Joe, his wife Maddie and his twin daughters, Emily and Maren, currently reside in the Twin Cities area.

Cover Image Credit: Twins Pics

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To The Coach Who Ruined The Game For Me

We can't blame you completely, but no one has ever stood up to you before.

I know you never gave it a second thought, the idea that you're the reason I and many others, never went any farther in our athletic careers.

I know you didn’t sincerely care about our mental health, as long as we were physically healthy and our bodies were working enough to play. It’s obvious your calling wasn’t coaching and you weren’t meant to work with young adults, some who look to you as a parent figure or a confidant.

I also know that if we were to express our concerns about the empty feeling we began to feel when we stepped onto the court, you wouldn’t have taken the conversation seriously because it wasn’t your problem.

I know we can't blame you completely, no one has ever stood up to you before. No one said anything when girls would spend their time in the locker room crying because of something that was said or when half the team considered quitting because it was just too much.

We can't get mad at the obvious favoritism because that’s how sports are played.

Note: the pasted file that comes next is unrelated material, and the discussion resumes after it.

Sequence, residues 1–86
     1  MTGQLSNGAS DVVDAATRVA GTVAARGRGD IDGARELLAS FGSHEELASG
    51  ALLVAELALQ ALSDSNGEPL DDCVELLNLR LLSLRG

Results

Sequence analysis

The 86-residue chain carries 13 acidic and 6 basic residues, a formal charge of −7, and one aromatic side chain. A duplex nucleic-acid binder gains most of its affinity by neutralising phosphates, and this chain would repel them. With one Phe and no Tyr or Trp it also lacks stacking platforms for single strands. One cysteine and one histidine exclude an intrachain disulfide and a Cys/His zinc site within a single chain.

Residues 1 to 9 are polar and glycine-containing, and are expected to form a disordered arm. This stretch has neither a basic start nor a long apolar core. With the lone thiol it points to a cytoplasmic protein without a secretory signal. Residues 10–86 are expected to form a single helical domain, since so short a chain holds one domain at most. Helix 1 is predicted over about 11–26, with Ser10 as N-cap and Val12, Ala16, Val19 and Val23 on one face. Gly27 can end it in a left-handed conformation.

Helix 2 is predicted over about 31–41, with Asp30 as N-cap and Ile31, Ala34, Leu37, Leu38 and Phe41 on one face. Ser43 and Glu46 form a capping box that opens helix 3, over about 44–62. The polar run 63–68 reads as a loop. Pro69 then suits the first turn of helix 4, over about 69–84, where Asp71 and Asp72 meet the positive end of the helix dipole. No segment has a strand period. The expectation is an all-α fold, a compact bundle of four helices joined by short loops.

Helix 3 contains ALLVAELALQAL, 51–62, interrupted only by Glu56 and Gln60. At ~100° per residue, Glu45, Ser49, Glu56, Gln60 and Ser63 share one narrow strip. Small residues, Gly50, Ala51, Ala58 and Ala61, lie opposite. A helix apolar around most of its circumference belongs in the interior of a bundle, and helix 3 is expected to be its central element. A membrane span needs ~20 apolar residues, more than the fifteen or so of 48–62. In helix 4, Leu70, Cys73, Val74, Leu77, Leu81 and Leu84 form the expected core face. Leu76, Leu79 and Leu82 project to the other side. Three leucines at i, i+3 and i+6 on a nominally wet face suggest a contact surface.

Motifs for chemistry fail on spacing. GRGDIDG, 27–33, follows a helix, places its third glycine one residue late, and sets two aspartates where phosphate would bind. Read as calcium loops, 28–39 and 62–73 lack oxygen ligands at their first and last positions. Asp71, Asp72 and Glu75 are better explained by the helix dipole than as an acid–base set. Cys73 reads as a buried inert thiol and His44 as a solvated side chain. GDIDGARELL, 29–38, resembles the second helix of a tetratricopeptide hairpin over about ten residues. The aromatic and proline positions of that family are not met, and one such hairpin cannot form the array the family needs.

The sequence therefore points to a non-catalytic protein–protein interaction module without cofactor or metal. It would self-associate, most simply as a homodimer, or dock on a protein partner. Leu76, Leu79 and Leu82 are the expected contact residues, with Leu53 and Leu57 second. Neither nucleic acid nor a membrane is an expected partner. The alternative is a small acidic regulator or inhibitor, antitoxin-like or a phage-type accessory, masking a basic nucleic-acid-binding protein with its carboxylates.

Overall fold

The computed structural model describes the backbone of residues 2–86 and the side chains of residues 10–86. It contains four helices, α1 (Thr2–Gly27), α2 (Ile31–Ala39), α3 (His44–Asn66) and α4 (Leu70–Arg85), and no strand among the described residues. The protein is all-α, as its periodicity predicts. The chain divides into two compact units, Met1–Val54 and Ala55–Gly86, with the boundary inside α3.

Politics plays a huge role and if you want playing time, you have to know who to befriend. We CAN get mad at the obvious mistreatment, the empty threats, the verbal abuse, “it's not what you say, its how you say it.”

We can get mad because a sport that we loved so deeply and had such passion for, was taken away from us single-handedly by an adult who does not care. I know a paycheck meant more to you than our wellbeing, and I know in a few years you probably won’t even remember who we are, but we will always remember.

We will remember how excited we used to get on game days and how passionate we were when we played. How we wanted to continue on with our athletic careers to the next level when playing was actually fun. We will also always remember the sly remarks, the obvious dislike from the one person who was supposed to support and encourage us.

We will always remember the day things began to change and our love for the game started to fade.

I hope that one day, for the sake of the young athletes who still have a passion for what they do, you change.

I hope those same athletes walk into practice excited for the day, to get better and improve, instead of walking in with anxiety and worrying about how much trouble they would get into that day. I hope those athletes play their game and don’t hold back when doing it, instead of playing safe, too afraid to get pulled and benched the rest of the season.